There are those of us who have a love of books that runs as deep as our need for food and water. I actually jokingly refer to myself as a book hoarder because I collect them with varying intentions; sometimes to read, and sometimes just to have in my possession, knowing that they’ll have a welcome place on my shelves. Books are stacked on my nightstand, lined up in my hallway, and even tucked under the front seat of my car, because I never know when I’ll find a minute to read.
There’s something about the type, the paper, the covers, the binding, that I adore. And when it comes to handmade books, all of that comes into play in a much more meaningful way. This is celebrated in the September/October issue of Cloth Paper Scissors in a big way, with feature articles from mixed-media artists such as Dea Fischer, Seth Apter, Jen Crossley, and Marcia Derse (see her article below!). With a love of books, ~Cherie
Handmade Books: Collected and Bound by Marcia Derse
Books have always been pleasant, inescapable companions in my life. My parents would hound me for constantly reading, but I barely heard them, as I was lost in a book in the backseat of the car, or in the garden, or in my paisley wallpapered bedroom. My love of books led me to pursue a nearly pointless university degree in typography.
After graduating, I bought a printing press and tons of type and printed limited-edition small press books for a short time until I channeled my passion into opening a children’s bookstore, where I happily spent 25 years. In the meantime, I created and cultivated my other passion, fiber art.
As my work in fabric evolved, I never let go of my penchant for bookmaking. In my current studio I surround myself with what some might call clutter, but I consider carefully curated eye candy–the walls and surfaces are jam packed with postcards, trinkets, and collections of all kinds. I pin and pile these treasures on my ever-changing inspiration walls to help me compose new artwork and direct my fabric collections.
Inevitably, with my limited wall space, each surface has to eventually be cleared to create a clean slate for the next project. My favorite solution has been to create books filled with the jumble of information I have been looking at, instead of tucking all those pieces away in a box. The resulting books are usually an exploding mixed-media sculpture, with scraps hanging out and off, and pages bursting at the seams.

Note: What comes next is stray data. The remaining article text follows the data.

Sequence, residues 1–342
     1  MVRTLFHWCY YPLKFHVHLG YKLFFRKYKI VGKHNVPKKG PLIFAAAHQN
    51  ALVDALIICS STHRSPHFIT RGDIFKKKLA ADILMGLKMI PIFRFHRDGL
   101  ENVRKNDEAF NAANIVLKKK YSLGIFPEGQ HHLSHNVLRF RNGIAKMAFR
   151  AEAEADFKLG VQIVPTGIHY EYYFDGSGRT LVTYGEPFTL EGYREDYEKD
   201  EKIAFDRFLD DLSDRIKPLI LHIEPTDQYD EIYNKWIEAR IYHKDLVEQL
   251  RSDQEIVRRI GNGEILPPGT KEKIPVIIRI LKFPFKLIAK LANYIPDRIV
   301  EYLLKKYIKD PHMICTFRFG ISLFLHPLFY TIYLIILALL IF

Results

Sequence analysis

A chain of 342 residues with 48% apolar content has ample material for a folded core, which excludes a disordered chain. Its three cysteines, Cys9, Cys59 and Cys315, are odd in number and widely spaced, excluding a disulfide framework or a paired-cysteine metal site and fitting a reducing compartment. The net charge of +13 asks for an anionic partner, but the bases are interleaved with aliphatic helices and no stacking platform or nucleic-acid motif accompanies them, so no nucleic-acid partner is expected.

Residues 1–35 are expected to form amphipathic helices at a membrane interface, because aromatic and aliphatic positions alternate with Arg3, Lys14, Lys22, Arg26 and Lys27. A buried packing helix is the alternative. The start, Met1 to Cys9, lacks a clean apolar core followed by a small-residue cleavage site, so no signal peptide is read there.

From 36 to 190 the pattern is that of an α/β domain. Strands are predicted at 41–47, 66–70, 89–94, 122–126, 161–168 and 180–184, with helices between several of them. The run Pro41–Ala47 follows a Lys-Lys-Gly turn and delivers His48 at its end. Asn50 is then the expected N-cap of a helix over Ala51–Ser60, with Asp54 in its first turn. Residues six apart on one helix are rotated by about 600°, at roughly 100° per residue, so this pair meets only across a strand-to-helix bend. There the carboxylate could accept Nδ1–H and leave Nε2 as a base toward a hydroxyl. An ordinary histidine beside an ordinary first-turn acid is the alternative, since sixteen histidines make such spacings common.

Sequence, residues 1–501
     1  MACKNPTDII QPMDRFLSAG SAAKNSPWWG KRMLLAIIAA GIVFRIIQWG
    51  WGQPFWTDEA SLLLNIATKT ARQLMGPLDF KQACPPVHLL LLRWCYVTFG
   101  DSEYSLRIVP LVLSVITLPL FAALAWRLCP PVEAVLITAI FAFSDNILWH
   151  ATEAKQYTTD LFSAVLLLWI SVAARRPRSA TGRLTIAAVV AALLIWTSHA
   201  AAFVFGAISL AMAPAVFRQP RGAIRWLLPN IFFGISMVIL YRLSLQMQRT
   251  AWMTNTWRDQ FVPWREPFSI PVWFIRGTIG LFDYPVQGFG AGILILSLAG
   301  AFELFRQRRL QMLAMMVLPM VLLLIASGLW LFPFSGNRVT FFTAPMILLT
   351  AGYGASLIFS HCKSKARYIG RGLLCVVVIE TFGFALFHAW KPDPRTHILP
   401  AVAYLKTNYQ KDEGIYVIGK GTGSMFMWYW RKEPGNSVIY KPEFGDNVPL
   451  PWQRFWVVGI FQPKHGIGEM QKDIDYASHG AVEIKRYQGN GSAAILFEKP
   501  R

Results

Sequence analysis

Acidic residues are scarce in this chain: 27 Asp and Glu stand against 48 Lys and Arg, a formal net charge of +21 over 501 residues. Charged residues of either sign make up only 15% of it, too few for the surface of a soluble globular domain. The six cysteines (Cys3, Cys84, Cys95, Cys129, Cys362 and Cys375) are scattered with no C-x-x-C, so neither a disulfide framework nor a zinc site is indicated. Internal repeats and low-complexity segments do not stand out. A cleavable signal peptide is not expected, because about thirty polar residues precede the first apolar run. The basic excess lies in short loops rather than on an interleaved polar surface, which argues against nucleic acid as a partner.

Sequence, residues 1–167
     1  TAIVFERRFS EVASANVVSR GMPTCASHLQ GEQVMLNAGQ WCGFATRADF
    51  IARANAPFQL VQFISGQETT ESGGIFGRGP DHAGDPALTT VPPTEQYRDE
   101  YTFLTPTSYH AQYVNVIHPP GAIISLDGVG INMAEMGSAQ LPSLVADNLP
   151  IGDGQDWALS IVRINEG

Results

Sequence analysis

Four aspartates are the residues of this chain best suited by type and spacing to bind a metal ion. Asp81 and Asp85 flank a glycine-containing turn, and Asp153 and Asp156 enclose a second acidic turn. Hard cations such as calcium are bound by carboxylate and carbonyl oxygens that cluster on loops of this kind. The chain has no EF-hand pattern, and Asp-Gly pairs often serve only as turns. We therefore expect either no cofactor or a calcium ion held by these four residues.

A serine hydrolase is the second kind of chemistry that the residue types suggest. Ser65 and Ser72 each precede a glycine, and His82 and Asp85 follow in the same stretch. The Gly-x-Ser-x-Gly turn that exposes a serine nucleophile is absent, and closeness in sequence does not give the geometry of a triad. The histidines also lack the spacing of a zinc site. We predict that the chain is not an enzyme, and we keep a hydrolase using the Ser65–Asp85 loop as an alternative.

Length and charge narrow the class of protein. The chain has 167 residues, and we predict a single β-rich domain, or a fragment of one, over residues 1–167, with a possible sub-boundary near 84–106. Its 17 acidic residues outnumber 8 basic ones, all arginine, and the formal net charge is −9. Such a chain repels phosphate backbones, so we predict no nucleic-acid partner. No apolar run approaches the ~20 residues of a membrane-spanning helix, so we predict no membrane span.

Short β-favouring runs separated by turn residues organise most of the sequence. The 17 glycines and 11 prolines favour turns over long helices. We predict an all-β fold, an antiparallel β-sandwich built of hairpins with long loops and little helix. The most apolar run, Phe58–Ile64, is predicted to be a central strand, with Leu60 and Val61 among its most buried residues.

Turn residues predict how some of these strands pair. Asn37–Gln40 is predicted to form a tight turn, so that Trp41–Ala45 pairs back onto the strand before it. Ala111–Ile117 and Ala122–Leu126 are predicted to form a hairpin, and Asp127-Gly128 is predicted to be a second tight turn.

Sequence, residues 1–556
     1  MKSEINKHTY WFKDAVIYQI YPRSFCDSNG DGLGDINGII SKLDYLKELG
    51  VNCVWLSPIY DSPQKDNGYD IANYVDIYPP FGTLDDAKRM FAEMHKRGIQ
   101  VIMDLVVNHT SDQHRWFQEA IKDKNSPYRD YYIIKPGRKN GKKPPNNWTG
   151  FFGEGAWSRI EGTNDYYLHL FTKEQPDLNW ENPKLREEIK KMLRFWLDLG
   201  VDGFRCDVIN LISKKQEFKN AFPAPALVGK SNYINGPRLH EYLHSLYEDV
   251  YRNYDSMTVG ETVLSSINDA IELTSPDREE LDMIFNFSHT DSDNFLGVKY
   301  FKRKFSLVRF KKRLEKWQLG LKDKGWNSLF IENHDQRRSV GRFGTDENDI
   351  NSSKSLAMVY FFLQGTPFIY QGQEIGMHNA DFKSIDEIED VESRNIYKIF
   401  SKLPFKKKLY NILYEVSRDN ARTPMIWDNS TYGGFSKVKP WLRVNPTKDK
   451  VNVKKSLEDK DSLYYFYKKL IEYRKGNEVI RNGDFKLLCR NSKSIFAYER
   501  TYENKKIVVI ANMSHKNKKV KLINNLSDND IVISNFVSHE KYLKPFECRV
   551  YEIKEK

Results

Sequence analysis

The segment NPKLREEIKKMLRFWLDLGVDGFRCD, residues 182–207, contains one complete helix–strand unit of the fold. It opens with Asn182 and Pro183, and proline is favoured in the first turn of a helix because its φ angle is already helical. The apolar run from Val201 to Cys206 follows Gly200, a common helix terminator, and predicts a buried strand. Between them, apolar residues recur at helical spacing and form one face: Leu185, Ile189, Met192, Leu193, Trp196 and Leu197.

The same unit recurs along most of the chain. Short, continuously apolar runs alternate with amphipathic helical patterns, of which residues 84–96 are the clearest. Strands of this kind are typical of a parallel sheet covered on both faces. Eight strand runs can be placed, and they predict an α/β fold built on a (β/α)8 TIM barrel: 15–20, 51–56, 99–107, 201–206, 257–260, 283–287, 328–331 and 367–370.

Play and exploration are essential ingredients of these books. When working on pages, I never limit myself to using the things I am clearing away. As the book takes on a life of its own, it might need elegant washi tape to hold something in place, or a colorful grommet or staples. Envelopes and bags that stick around too long find a new life holding little surprises as the page is turned or folded out.
Sometimes the books are created at the end of an artistic journey, like these clean slate projects, and sometimes they are made at the beginning. I find that sometimes I can better understand a new tool or medium if I start my exploration with a little book. Case in point: I made a quick handmade color chart book for a new tin of Winsor & NewtonTM watercolors. This color chart was a handy guide to the palette of colors available.
In another roundabout exercise I learned to use a new medium through an accordion book and a particularly threatening tube of black gouache. I had just seen a wonderful exhibit at the Art Institute of Chicago and was thrilled to find some masterful children’s book illustrations in gouache, a medium I had not previously tried. As a result, I immediately ran out to buy gouache, and started with one tube of Ivory Black.
As with so many materials in my studio I was reluctant to upset the pristine tube, and had no idea where to start. So it sat for months, possibly a year, before I rediscovered the paint and paired it with a journal from my stash of blank books. Finally, I realized there was no harm in using the whole tube for a book experiment; I could always buy more. I dove in and painted different marks with different intensities of gouache on all the scraps of paper I could find. These scraps came together in the pages of the blank book, which served as inspiration later while painting fabric. Using different tools alters familiar marks and creates movement that filters into my work with fabric.
Occasionally my books have a more focused purpose. A conversation among fiber artist friends became a challenge to do a monochromatic white quilt. Instead, I answered the challenge with a book. I limited my collecting around the studio to only white items, such as vintage lace pieces, fabric and ribbon scraps, and buttons, and organized them onto pages of an old ledger I had snatched up at an estate sale back in the Midwest. The journal pages proved a more enticing backdrop than I had anticipated, and the white book grew into a new project that I used as a display to feature my Bookends fabric collection.
On top of the other journal pages I added an alphabet cut from the new fabrics, plus bits and pieces of studio ephemera that spoke to me. The collage eventually became a piece of fabric in my latest collection, Studio Alphabet. A one- and-a-half-yard piece is a complete alphabet.
I never know where these book projects will take me. Most times I make them entirely for my own amusement, but when they do occasionally see the light of day I’m pleased that I took time out from designing fabric to indulge my passion for books.
Bio: Marcia Derse is a fiber artist and fabric designer living and working on Whidbey Island in the Pacific Northwest. Her work is known for its vibrant colors and bold painterly patterns. Marcia is a full-time artist, showing her work in galleries, museums, and art fairs around the country. For the last five years she has focused on commercial fabric design, and currently designs collections for Windham Fabrics. Visit her site at marciaderse.com.